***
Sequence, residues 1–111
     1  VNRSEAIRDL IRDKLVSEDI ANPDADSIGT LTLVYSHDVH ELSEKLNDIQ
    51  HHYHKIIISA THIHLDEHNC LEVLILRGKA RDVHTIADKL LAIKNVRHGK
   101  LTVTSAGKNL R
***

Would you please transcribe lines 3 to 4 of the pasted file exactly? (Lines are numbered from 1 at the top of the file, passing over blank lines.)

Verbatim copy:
    51  HHYHKIIISA THIHLDEHNC LEVLILRGKA RDVHTIADKL LAIKNVRHGK
   101  LTVTSAGKNL R